We all are familiar with UConn's run-and-gun style, and transition attack, so we may be sure that Sampson is drilling his guys to deal with UConn's pressure in order to cut down on turnovers that feed UConn's offense.

What do the computers & stat-crunchers say?

Sagarin has UConn ranked at #48 (IU is #20)
Cbs Sportsline rpi has them at #70 (IU is #16)
Blue ribbon Poll; UConn #49 (IU is #8)
Pomeroy RPI puts them at the #68 spot (IU is #21)
But Pomeroy Ratings put them at #16 (IU is #9)

Basically, all the above just reflects the conventional wisdom that UConn had a really soft non-conference schedule that featured a lot of home games against teams from one-NCAA-bid conferences and then hasn't been doing so well in conference play. Although, honestly, they've not been all that bad, dropping their only home loss to Marquette by four, losing at LSU, WVU, and then at Pitt just 54-63.

Indiana losses have all been good, ratings wise, and they've played those teams close. Unsurprisingly, IU has walloped Big Ten squads who came into Assembly still looking for their Identity (Purdue, MSU).

I think IU's got a really good shot to take this game, and will probably get some points back in transition as well, as UConn has guard problems, and may be shuffling their line-up.
Coach Calhoun says "we're missing shots and sometimes not taking great shots. That's really where our problems lie."
If Calhoun is saying that they are not taking great shots, their shot selection must be truly terrible. I didn't know Calhoun even had a "yellow light" for his players.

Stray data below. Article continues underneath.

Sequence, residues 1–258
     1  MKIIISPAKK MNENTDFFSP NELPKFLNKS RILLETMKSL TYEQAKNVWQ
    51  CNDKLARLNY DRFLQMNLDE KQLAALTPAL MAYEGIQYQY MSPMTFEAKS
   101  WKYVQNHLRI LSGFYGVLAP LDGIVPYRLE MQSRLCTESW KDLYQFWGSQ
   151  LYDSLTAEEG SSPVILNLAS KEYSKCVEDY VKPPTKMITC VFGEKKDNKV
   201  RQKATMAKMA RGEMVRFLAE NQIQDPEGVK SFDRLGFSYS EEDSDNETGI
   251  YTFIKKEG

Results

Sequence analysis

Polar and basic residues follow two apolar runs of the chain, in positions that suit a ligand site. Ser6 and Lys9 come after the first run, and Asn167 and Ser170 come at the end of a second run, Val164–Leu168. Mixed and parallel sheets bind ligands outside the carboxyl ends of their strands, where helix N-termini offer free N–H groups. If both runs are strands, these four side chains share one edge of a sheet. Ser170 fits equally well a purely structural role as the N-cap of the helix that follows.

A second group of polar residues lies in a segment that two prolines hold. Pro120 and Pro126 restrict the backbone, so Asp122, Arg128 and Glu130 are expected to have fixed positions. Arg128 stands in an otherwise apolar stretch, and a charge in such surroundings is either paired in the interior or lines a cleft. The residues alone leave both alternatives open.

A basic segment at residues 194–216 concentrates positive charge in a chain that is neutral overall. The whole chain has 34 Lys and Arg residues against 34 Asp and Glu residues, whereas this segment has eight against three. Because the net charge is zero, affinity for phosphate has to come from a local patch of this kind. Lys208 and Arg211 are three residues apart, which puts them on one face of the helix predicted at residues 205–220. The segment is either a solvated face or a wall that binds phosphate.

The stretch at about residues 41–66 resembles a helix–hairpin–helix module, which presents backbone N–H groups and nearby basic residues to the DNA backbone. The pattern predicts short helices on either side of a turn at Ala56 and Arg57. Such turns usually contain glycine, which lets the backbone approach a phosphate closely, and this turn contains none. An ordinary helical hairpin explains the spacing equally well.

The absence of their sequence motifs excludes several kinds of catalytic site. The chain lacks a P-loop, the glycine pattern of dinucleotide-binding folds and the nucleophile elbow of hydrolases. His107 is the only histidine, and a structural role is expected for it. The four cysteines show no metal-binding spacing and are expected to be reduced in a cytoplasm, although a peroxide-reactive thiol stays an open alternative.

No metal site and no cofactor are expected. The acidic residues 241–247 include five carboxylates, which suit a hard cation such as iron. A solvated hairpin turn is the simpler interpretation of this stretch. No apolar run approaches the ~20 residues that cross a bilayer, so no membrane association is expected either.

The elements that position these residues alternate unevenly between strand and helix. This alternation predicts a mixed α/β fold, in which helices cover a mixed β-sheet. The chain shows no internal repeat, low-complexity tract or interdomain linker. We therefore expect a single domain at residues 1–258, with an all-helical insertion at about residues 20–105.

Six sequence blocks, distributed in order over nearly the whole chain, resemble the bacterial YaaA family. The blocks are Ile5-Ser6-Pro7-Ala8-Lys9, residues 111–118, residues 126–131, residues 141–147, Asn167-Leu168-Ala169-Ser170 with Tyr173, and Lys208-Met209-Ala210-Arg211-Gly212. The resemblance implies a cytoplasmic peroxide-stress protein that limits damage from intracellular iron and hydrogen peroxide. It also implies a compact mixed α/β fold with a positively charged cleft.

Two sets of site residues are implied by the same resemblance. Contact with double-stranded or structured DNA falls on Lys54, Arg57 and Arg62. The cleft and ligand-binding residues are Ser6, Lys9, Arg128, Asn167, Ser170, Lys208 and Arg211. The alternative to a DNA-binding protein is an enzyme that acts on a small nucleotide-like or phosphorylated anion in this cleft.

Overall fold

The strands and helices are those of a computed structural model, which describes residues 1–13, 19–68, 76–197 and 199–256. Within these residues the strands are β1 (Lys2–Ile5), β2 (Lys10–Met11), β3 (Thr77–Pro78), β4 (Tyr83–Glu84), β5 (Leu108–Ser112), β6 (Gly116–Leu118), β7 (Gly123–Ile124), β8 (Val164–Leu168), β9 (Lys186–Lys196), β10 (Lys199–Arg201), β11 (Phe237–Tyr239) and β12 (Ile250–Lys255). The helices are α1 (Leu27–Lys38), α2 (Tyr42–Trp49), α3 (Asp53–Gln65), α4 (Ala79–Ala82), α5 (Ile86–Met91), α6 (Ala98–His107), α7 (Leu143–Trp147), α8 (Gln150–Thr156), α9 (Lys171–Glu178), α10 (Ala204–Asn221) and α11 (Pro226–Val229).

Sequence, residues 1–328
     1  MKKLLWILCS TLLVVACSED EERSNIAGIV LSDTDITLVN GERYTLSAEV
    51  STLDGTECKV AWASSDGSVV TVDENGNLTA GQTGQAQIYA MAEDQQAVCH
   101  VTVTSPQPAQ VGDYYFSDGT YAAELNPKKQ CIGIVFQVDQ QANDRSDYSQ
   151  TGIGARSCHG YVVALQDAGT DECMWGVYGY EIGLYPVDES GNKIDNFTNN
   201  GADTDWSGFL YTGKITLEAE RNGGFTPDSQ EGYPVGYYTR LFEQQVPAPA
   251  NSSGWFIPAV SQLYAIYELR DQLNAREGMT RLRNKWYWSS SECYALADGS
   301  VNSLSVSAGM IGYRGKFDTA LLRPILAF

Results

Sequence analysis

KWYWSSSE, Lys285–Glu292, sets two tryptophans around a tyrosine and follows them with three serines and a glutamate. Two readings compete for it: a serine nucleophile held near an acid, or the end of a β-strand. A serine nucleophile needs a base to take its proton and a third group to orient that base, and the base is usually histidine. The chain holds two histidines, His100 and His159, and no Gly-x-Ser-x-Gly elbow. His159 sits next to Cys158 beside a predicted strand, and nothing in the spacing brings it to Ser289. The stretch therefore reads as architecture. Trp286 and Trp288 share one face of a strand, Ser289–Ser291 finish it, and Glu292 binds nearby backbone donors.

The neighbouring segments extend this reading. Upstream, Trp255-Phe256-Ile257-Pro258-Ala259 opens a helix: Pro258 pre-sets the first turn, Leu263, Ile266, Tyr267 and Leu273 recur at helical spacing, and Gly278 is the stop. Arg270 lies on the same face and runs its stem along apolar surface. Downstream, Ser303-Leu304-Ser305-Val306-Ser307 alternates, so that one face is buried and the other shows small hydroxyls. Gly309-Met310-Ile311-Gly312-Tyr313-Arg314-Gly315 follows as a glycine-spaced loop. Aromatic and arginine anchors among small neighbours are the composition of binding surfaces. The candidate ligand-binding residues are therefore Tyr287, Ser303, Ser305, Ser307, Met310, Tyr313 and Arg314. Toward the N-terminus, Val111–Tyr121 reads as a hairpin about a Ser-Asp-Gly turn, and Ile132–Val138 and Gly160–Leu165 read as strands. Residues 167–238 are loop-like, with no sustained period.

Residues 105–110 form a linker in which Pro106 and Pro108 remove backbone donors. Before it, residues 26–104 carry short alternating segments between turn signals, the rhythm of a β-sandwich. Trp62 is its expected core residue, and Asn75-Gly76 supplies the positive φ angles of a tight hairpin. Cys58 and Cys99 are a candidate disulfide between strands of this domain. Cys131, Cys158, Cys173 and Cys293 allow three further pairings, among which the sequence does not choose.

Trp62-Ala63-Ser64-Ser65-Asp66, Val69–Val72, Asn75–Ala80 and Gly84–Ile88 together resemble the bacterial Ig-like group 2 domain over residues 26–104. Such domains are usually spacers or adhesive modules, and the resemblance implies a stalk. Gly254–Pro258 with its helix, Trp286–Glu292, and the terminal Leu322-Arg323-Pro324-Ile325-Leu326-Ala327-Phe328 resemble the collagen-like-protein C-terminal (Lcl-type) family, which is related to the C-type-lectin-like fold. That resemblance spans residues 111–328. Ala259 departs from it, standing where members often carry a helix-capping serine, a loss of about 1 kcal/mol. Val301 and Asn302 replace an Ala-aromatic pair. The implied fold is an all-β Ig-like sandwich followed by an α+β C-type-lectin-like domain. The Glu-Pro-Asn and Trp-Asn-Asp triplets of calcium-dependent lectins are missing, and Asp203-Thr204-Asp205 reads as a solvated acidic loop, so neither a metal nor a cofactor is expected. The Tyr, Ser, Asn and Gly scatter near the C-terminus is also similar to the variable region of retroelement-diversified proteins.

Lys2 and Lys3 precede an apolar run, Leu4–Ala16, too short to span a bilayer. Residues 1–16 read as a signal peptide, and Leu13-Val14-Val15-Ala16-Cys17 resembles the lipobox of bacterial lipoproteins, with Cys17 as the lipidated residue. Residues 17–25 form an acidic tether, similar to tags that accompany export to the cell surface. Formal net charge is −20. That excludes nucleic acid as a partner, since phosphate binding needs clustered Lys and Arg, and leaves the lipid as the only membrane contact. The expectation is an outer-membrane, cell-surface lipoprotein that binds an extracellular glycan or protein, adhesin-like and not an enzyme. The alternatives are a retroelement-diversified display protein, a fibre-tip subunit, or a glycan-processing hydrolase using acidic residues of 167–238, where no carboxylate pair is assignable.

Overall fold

And defensively, if I were coaching (which thankfully I'm not), I would probably try to pack the lane, maybe even go zone (like WVU did) and dare the Huskies to beat me from outside. The only real threats are Doug Wiggins, Craig Austrie, and Stanley Robinson, none of whom play more than 18 minutes a game. Don't let their guys shoot without pressure, but concede the open jumper rather than the post-up. A zone would force them to pass it more as well, which honestly they aren't very good at. Also, a zone defense might help keep DJ out of ticky-tack foul trouble, and we need him on the floor, hopefully going right at Thabeet and trying to get him in foul trouble like he did with Oden.

Of course, last year, I said to let Rudy Gay shoot, and he hit his first three 3-pt. shots.

Thursday, January 18, 2007

An interesting question

Big Ten Wonk posed a question worth pondering about the nature of "good basketball" and shot selection.
Sometimes I wonder if the Norman Dale presumption is really just a stylistic preference masquerading as an iron law of basketball. I wonder--but I don't know. First I'd need answers to two questions, one ethical and one empirical.